Josh O’Conner is a Senior Editor for the Urban Times an online magazine. He’s a planner by trade and an advocate for community-oriented urbanism. When he’s off the clock, Josh STILL likes urban planning. But he also fills his time with small-scale agriculture, ecology, and sociology. He does all that with his wife and daughters in Asheville, NC.
Stick it to the man by growing your own food!
Organic foods, homegrown vegetables, and pop-up grocery markets have been picking up a lot of press in recent months. From the news stories I’ve seen, journalists and bloggers don’t know what to make of this movement. It seems people get assigned 1 of 2 labels. You’re either labeled a lone wolf wack job who wants civilization to crumble or you’re a naiive hipster who hates Walmart but isn’t sure why. Is the small-scale farming just a quick fad or are people really interested in growing their own food?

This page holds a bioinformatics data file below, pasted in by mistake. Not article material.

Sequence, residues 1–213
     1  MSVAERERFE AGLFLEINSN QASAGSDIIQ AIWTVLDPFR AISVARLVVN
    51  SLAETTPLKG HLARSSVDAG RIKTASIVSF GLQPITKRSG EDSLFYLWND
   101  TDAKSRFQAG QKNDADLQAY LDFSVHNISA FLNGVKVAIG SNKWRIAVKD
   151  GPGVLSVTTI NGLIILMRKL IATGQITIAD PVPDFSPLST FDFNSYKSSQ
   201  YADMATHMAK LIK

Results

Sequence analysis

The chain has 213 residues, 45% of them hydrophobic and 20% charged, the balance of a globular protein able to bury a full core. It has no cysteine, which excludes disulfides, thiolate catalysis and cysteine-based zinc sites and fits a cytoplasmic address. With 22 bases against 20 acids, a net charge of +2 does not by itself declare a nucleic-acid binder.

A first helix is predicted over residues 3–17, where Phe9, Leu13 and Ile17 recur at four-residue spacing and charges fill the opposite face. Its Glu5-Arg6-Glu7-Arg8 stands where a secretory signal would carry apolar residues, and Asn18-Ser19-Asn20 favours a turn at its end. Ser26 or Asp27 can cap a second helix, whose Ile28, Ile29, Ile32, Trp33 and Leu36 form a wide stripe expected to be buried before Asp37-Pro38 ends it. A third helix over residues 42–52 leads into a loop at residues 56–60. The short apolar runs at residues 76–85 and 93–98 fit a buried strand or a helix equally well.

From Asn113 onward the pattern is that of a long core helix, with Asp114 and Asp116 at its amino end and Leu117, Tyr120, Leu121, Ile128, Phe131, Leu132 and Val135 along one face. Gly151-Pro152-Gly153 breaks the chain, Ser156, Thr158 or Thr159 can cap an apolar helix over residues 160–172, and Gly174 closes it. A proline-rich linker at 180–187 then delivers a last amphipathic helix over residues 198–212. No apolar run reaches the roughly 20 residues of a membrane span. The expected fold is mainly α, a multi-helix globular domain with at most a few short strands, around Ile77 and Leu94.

Can gardening be easier than the normal mowing/growing cycle?
Josh puts himself in the shoes of an agriculture evangelist. I’m the hypothetical neighbor who can’t fathom growing my own fruits and veggies. I have trouble growing grass. (Ahem.) Where would I even begin if I did want to dabble in urban farming?
Black helicopters and backyard freedom.
Why does the government make growing and selling your own food so difficult? The FDA approves sugary desserts and sodas but I can’t bottle my own milk and sell it to a neighbor. Is there any hope that local or state governments will get behind their constituents and make small-scale agriculture more attractive? [Spoiler alert: prohibition never ended in the United States.]
Tips from an urban farmer.
Josh shares some insights for people interested in the urban farming movement, the scene in North Carolina, and the bigger picture across the U.S. His biggest recommendation? Well…how about you listen to the show and then tell your friends what his primary point was.
Connect with our guest
Josh O’Conner would be happy to connect with you.
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